Sutra Club: Food Sutta
Welcome to this week's Sutra Club. We're discussing SN46.51, the Ahara Sutta. The nest of links below are offered in the hope they will be useful, but there is no required reading for participation in this thread! In the comments, feel free to ignore the rest of this post if it doesn't speak to you.
I learned of this sutta through Thanissaro Bhikku's book Wings to Awakening, which has had an enormous positive impact on my meditation practice over the last ten months or so. My comments on the Food Sutta will be mostly owing to Thanissaro's perspective, though I am responsible for any inadequacies.
After the Mindfulness of Breathing and Four Foundations of Mindfulness suttas, this is the sutta in which I have found the most practical advice. Close study and experimentation with the advice in this sutta can pay huge dividends.
The Food Sutta gives advice about ways to stabilize, sharpen and gladden the mind for concentration and insight practice. It organizes this advice around the five hindrances (sensual desire, ill will, sloth/torpor, anxiety/restlessness, doubt/uncertainty), and the seven factors of awakening (mindfulness, analysis of qualities, persistence, concentration, rapture, serenity and equanimity), giving a little gloss on how to enhance and degrade each of these qualities.
The sutta speaks of "feeding" and "starving" the hindrances and and factors of awakening. As Thanissaro points out in his essay on the Food Sutta, this is not an idle metaphor:
The image of feeding and starving here is directly related to the insight into conditionality that formed the essential message of the Buddha's Awakening. In fact, when he introduced the topic of conditionality to young novices, he illustrated it with the act of feeding: All beings, he said, subsist on food. If their existence depends on eating, then it ends when they are deprived of food. Applying this analogy to the problem of suffering leads to the conclusion that if suffering depends on conditions, it can be brought to an end by starving it of its conditions.
This essay also gives a useful summary of the Food Sutta's recommendations for dealing with the five hindrances:
- Sensual desire is fed by inappropriate attention to the theme of beauty and starved by appropriate attention to the theme of unattractiveness. In other words, to starve sensual desire you turn your attention from the beautiful aspects of the desired object and focus instead on its unattractive side.
- Ill will is fed by inappropriate attention to the theme of irritation and starved by appropriate attention to the mental release through good will, compassion, empathetic joy, and equanimity. In other words, you turn your attention from the irritating features that spark ill will and focus instead on how much more freedom the mind experiences when it can cultivate these sublime attitudes as its inner home.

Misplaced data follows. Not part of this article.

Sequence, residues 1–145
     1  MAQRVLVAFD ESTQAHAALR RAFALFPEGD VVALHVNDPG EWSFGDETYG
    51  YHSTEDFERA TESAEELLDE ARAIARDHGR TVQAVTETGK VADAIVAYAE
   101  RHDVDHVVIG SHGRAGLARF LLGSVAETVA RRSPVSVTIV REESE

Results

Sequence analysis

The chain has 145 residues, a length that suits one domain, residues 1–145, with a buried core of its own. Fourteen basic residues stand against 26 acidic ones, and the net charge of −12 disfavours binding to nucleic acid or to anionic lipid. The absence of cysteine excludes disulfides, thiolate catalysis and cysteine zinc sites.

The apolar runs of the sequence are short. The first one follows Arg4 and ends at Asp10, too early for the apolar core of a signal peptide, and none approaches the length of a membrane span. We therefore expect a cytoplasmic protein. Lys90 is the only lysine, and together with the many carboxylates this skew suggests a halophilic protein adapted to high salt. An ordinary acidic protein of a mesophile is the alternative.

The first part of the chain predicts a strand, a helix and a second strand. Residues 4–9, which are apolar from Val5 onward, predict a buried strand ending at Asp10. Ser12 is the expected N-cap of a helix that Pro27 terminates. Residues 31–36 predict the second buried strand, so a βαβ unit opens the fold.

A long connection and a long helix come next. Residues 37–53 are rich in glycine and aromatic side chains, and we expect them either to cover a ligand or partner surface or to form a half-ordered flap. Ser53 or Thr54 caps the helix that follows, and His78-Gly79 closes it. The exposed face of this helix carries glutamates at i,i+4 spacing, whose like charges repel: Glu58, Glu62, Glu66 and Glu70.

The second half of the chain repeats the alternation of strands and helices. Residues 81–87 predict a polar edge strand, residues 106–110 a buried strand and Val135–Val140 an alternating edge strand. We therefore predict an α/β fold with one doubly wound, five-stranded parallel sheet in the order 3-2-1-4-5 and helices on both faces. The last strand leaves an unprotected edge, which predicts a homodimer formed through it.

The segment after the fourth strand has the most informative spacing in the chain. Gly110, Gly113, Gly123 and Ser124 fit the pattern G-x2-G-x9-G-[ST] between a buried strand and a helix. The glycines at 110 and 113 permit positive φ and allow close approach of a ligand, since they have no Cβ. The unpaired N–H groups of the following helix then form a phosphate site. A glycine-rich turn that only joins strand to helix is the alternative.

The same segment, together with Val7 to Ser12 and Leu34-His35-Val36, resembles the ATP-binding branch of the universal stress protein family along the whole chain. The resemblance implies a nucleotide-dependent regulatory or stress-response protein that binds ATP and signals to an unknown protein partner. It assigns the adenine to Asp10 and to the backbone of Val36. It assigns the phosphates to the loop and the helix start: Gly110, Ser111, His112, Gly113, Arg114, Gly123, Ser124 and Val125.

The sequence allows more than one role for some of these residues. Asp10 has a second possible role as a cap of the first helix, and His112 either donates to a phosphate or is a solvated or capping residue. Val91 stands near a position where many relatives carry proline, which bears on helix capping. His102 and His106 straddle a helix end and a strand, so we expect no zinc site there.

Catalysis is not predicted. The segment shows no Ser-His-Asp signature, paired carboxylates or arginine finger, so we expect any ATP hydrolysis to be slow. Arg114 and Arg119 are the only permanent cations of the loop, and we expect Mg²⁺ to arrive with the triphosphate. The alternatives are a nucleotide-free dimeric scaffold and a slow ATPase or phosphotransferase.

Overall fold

- Sloth and torpor are fed by inappropriate attention to feelings of boredom, drowsiness, and sluggishness. It's starved by appropriate attention to any present potential for energy or effort.
- Restlessness and anxiety are fed by inappropriate attention to any lack of stillness in the mind, and starved by appropriate attention to any mental stillness that is present. In other words, both potentials can be present at any time. It's simply a matter of how to ferret out, appreciate, and encourage the moments or areas of stillness.
- Uncertainty is fed by inappropriate attention to topics that are abstract and conjectural, and starved by appropriate attention to skillful and unskillful qualities in the mind. In other words, instead of focusing on issues that can't be resolved by observing the present, you focus on an issue that can: which mental qualities result in harm for the mind, and which ones don't.
In short, each hindrance is starved by shifting both the focus and the quality of your attention.
I've been finding the recommendation of stillness for restlessness and anxiety particularly helpful. The meditation described starting at minute 22 of this talk has some useful advice about opening to stillness/space in different aspects of experience.
The recommendations of the Food Sutta for developing the factors of awakening are a little vague in places, so here are some links to clarifying commentary in the sutta's and Wings to Awakening.
Definition of the factors of awakening. In particular, paragraph  shows that rapture means the rapture of the first three jhanas. This means that one of the "mental qualities that act as a foothold for rapture as a factor for Awakening" is concentration itself. See also SN 45.8: "rapture & pleasure born of concentration." Delight is another foothold for rapture:
He should then direct his mind to any inspiring theme. As his mind is directed to any inspiring theme, delight arises within him. In one who feels delight, rapture arises.
SN 52.1 indicates that mindfulness is a food for equanimity as a factor for awakening. The passage immediately after that is relevant, too.
MN 62 describes how to consider the five elements as food for equanimity. The passage immediately after is relevant too.
SN 46.53 describes which factors of awakening should be developed when.
SN 12.23 lists some prerequisites for the development of each factor of awakening.